For many years, my work has been involved in experiential processes that push against the limits of language and outward into new directions in painterly form. I’m interested in histories of color: the social, psychological, and bodily factors that determine perception and define the scope of the human sensorium. A significant part of my work is to conjoin vision and touch into a singular experience. Exploration of touch and sensation feels particularly urgent as a means to critique, destabilize, and de-center the dominance of visual perception in contemporary culture. We exist within a world that is increasingly circumscribed by the optics of digital technology, and its concomitant limitations and expansions of the perceivable world. My research is digested, scrambled, and renewed in the studio through daily experiments with densely layered optical mixing and haptic sensation, through which I consider the ephemerality of lived experience alongside the supposed deathlessness of artistic creation.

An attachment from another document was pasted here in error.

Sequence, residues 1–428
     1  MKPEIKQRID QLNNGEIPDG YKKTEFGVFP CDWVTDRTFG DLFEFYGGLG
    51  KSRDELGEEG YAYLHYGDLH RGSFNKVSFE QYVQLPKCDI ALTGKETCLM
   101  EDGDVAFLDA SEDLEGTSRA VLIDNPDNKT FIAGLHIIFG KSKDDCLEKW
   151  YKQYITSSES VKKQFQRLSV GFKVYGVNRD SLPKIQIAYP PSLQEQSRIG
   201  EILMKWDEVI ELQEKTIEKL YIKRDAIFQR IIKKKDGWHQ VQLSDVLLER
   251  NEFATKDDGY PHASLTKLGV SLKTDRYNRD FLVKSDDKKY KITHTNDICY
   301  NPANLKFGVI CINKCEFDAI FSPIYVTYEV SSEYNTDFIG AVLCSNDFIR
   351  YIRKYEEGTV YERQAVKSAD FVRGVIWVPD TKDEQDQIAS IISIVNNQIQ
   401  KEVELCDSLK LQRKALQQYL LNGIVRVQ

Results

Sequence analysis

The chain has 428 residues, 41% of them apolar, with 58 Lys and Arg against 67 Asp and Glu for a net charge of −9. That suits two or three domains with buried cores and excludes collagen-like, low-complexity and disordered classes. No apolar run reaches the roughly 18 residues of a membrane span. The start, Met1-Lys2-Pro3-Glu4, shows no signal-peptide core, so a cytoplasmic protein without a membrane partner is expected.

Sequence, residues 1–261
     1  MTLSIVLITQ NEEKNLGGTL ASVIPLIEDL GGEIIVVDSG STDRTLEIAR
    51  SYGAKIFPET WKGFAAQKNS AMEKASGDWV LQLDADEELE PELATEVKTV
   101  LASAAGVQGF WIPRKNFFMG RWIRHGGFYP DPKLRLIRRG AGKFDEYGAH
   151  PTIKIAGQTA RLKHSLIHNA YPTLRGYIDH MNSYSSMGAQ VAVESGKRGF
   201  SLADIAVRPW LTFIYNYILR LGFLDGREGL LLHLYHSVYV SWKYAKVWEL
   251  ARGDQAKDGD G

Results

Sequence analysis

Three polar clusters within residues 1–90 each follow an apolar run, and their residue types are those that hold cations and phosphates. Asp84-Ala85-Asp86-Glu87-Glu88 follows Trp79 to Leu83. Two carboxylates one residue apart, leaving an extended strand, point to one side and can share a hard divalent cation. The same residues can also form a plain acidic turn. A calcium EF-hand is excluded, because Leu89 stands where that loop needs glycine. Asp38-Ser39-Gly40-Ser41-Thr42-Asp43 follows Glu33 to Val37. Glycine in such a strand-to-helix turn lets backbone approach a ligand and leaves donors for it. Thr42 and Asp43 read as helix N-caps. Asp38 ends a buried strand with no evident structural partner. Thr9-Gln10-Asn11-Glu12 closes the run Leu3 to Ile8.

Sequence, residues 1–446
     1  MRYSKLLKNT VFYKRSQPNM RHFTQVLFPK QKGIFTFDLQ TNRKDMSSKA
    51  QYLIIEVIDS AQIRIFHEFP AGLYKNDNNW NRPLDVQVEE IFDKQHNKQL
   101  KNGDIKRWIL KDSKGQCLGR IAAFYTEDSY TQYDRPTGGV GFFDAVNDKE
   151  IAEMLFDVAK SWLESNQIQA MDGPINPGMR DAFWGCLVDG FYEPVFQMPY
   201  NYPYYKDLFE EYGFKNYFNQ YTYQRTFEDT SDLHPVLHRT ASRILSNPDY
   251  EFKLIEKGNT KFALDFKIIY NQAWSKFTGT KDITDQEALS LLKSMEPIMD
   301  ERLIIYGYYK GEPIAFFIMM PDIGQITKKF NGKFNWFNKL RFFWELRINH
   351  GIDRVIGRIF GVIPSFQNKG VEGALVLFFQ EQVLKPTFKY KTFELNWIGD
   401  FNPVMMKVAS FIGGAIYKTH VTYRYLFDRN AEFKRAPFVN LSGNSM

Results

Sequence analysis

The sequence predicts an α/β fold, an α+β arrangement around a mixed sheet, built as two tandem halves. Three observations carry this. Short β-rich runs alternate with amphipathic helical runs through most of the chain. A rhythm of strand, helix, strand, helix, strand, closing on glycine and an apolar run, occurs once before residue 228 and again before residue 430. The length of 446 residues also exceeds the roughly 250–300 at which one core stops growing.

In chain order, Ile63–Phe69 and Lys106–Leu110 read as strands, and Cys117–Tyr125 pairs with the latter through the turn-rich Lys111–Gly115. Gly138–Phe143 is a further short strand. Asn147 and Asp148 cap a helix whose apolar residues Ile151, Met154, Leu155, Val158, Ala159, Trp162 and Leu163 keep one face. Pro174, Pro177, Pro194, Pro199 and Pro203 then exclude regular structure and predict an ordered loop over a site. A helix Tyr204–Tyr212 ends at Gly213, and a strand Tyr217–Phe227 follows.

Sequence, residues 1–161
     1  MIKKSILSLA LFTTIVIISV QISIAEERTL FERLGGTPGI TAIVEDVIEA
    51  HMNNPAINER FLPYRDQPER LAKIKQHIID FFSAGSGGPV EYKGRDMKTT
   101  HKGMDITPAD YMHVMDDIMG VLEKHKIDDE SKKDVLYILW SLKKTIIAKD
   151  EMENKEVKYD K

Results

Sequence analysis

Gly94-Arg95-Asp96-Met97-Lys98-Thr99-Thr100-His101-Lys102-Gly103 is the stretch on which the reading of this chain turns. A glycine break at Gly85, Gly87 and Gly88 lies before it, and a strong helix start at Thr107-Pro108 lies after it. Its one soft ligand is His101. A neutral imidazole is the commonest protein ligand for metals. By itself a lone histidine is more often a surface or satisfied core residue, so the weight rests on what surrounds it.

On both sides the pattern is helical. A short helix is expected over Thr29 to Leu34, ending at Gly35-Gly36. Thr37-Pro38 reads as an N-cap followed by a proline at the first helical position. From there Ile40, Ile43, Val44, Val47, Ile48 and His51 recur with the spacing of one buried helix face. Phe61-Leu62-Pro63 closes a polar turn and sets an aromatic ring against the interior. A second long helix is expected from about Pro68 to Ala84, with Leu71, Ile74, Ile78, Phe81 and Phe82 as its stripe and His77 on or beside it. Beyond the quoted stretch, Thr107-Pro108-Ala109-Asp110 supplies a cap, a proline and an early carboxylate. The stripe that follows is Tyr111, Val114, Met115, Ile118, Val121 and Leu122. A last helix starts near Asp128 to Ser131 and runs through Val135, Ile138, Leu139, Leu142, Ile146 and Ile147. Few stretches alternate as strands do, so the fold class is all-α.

While at Headlands
While at Headlands I will focus on a new body of work, looking at the relationship between color and movement as a way to connect painting to the idea of liveness of liveliness. The landscape surrounding Headlands will be a wonderful setting to reconsider the optical mixing technologies employed by French impressionists, who looked to color in nature and the movement and refraction of light on surfaces to create pictures that were felt rather than merely seen.